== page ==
Molecular analysis of cell surface beta-1,4-galactosyltransferase function during lamellipodal formation, cell polarization, and cell migration

Paul Andrew Appeddu, The University of Texas Graduate School of Biomedical Sciences at Houston


The rate and direction of fibroblast locomotion is regulated by the formation of lamellipodia. In turn, lamellipodal formation is modulated in part by adhesion of that region of the cell from which the lamellipodia will extend or orginate. Cell surface $\beta$1,4-galactosyltransferase (GalTase) is one molecule that has been demonstrated to mediate cellular interactions with extracellular matrices. In the case of fibroblasts, GalTase must be associated with the actin cytoskeleton in order to mediate cellular adhesion to laminin. The object of this study was to determine how altering the quantity of GalTase capable of associating with the cytoskeleton impacts cell motility. Stably transfected cell lines were generated that have increased or decreased levels of surface GalTase relative to its cytoskeleton-binding sites. Biochemical analyses of these cells reveals that there is a limited number of sites on the cytoskeleton with which GalTase can interact. Altering the ratio of GalTase to its cytoskeleton binding sites does not affect the cells' abilities to spread, nor does it affect the localization of cytoskeletally-bound GalTase. It does, however, appear to interfere with stress fiber bundling. Cells with altered GalTase:cytoskeleton ratios change their polarity of laminin more frequently, as compared to controls. Therefore, the ectopic expression of GalTase cytoplasmic domains impairs a cell's ability to control the placement of lamellipodia. Cells were then tested for their ability to respond to a directional stimulus, a gradient of platelet-derived growth factor (PDGF). It was found that the ability of a cell to polarize in response to a gradient of PDGF is directly proportional to the quantity of GalTase associated with its cytoskeleton. Finally, the rate of unidirectional cell migration on laminin was found to be directly dependent upon surface GalTase expression and is inversely related to the ability of surface GalTase to interact with the cytoskeleton. It is therefore proposed that cytoskeletal assembly and lamellipodal formation can be regulated by the altering the ratio of cytoplasmic domains for specific matrix receptors, such as GalTase, relative to their cytoskeleton-binding sites.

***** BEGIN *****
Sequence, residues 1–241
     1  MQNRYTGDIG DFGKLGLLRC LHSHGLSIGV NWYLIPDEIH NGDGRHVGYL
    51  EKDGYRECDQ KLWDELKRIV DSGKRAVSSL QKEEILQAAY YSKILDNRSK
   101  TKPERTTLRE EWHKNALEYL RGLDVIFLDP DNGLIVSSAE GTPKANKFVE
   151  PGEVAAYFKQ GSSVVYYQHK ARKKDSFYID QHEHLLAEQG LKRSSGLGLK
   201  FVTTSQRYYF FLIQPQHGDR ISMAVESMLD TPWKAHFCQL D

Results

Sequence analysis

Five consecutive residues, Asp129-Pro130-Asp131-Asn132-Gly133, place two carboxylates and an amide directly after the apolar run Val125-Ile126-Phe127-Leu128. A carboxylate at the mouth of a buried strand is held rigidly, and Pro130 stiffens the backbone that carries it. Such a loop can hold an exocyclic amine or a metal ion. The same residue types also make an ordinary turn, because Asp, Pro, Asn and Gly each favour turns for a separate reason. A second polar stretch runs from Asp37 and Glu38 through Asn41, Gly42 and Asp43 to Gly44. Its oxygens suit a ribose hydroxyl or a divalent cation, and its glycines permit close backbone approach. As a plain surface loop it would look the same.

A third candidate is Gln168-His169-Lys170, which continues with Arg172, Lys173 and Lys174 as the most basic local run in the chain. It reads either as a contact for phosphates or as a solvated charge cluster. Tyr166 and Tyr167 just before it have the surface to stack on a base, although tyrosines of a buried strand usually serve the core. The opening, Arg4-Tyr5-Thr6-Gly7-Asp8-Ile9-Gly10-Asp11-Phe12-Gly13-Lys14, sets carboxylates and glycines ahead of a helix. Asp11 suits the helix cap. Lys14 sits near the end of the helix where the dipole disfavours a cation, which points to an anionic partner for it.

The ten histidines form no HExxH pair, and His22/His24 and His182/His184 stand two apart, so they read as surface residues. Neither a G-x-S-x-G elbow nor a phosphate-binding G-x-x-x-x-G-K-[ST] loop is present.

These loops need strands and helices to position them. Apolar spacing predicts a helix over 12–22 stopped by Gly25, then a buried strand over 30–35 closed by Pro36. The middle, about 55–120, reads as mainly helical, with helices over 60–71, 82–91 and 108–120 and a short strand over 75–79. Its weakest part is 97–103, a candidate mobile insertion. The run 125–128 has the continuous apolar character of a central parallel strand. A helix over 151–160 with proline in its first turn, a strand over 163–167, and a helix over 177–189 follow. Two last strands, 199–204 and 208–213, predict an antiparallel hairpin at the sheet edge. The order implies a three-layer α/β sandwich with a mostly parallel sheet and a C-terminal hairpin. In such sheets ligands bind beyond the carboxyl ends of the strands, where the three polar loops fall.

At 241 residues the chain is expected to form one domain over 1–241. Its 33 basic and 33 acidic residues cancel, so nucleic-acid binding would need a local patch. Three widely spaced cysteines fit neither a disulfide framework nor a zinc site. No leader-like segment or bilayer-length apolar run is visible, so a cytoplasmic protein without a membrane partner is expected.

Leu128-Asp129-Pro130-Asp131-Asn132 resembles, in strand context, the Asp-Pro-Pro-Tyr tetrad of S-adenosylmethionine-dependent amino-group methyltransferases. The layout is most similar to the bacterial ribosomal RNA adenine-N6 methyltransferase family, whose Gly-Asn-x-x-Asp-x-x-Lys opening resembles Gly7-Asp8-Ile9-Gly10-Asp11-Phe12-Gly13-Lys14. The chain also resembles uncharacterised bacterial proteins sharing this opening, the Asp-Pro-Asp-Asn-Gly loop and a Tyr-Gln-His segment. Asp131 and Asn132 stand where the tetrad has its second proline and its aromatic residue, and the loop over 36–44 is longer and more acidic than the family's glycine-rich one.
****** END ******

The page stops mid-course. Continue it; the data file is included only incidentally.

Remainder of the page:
Subject Area

Biochemistry|Cellular biology

Recommended Citation

Appeddu, Paul Andrew, "Molecular analysis of cell surface beta-1,4-galactosyltransferase function during lamellipodal formation, cell polarization, and cell migration" (1993). Texas Medical Center Dissertations (via ProQuest). AAI9413200.